What happened with that bridge last Wednesday seemed to have been the result of inexcusable incompetence and I am surprised that the massive tragedy was not followed by a louder crescendo of outrage from the general public.
I wonder whether the muted response to a fiasco of this magnitude was because our public has become so saturated with pain that one more degree yields diminishing returns in its response.
Or perhaps it is because the victim of the fatality was a St. Vincentian and the other seriously injured victims were Guyanese. Perhaps if they were Kittitians there would be a greater show of collective emotion over the tragedy which snuffed out a life and seriously injured others?
Whatever is the reason for our approach to this tragedy, there is no question that it is indeed very serious. For a new brand bridge to collapse before even the first vehicle crossed it, is such a serious matter that it is going to be for a long time, one of our more serious national embarrassments.
The announcement by Minister Assim Martin that there will be a comprehensive enquiry into the matter does not console some people. These people are skeptical. They have already assumed that the result of the Enquiry will be business as usual. The dead man will be buried; his family will probably receive some kind of compensation. The injured may receive some money to salve their wounds, and nothing else will change. The same foreign firm which managed this outrage will continue to perform its dubious tasks.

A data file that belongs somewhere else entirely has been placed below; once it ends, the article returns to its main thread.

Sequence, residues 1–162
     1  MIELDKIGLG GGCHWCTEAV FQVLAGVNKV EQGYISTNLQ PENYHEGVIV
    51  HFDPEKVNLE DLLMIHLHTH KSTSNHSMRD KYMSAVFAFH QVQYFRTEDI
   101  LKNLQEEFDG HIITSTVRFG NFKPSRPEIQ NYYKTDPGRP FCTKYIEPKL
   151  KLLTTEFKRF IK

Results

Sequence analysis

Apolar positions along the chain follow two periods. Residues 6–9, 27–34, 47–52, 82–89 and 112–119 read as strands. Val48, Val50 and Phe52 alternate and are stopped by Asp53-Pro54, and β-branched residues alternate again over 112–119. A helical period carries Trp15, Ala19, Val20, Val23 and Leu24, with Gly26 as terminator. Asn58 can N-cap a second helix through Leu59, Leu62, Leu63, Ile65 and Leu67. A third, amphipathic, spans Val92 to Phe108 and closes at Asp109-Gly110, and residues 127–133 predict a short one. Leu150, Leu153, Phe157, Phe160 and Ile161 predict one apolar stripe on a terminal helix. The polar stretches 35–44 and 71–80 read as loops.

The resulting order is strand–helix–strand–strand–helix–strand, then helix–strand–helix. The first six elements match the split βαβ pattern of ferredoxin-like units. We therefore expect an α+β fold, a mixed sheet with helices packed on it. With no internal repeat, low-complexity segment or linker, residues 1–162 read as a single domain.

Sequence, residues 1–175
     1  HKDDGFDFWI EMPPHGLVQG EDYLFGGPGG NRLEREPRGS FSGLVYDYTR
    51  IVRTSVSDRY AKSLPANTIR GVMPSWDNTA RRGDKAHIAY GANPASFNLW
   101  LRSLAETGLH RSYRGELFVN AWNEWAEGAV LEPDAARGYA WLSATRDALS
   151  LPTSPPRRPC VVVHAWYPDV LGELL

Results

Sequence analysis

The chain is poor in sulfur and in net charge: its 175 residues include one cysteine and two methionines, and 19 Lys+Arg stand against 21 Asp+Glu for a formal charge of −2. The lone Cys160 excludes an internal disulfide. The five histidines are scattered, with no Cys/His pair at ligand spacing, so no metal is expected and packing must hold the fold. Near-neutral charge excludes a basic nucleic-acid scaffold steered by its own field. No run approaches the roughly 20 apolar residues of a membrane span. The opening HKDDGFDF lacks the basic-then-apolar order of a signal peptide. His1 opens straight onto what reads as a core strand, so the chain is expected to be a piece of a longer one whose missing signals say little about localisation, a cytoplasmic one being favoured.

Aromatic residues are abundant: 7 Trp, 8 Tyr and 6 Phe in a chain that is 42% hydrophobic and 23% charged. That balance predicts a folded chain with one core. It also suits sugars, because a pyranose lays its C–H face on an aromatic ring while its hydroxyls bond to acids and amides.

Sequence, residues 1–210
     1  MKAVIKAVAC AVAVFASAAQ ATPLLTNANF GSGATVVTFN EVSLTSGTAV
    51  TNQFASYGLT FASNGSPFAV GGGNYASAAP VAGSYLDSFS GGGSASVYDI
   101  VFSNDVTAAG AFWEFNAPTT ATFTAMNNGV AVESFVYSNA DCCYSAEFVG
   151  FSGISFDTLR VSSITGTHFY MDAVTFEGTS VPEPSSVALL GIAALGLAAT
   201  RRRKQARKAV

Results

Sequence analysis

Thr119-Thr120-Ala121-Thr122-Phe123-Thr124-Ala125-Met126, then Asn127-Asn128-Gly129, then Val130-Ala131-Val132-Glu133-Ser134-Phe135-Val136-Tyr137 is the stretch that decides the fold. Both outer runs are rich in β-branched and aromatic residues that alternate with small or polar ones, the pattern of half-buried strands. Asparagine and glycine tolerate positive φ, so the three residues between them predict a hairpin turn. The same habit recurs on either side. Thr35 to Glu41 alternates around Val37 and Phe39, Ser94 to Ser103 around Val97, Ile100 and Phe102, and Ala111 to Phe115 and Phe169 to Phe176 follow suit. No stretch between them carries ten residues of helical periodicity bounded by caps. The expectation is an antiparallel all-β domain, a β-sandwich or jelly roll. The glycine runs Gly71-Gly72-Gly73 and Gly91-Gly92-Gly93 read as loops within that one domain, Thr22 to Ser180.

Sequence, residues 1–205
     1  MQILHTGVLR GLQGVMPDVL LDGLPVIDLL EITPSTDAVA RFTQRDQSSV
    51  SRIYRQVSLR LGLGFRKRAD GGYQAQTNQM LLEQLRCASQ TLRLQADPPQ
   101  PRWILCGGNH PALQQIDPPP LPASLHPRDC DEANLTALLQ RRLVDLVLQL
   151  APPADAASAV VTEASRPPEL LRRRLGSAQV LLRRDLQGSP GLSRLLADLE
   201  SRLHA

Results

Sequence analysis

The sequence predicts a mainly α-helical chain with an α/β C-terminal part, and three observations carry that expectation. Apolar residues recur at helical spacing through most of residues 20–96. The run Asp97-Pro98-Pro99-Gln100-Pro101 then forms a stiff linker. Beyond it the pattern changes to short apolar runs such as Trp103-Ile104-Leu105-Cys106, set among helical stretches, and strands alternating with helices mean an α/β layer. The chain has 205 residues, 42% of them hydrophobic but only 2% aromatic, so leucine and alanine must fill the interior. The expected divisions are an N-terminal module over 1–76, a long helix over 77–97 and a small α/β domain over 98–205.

These skeptics may or may not have a point. We will only know the outcome when it comes, but we hasten to warn Dr. Martin and whoever will do the Enquiry that when it comes to the collapse of a bridge in St. Kitts, nothing short of a thoroughly honest investigation would suffice, and nothing less than the unvarnished truth will satisfy the skeptical.
For bridges do not collapse in St. Kitts. As every Kittitian knows, St. Kitts is a land of bridges. There are so many ghauts all around the island that in the absence of bridges vehicular traffic would be impossible.
Bridges have been built in St. Kitts long before cars and trucks came to run over them. Before the roads were paved, bridges were built to connect the divide made by the ghauts which cut ravines throughout the island.
Bridges, like those at St. Paul and Ottleys virtually connect one half of the village to the other. Without the bridge at Jack-in-the-Box, travel by foot would be difficult and dangerous, between Cayon and Bayfords. Vehicular traffic would be impossible. Without bridges such as these the island would be broken up into inaccessible little remote villages.
These bridges were built to last. The very thought of them eroding with time or even collapsing from use was inconceivable when they were built.
In 1912, nearly a century ago, when the Sugar Factory was inaugurated, a network of railway lines was built for the transportation of sugar cane from all around the island to the Sugar Factory in Basseterre. At certain points the lines had to pass over ghauts and rivers. Bridges were built for the locomotives to run to and fro everyday of the year. During the Crop time, the locomotives carried enormous weight, in tons of sugar cane.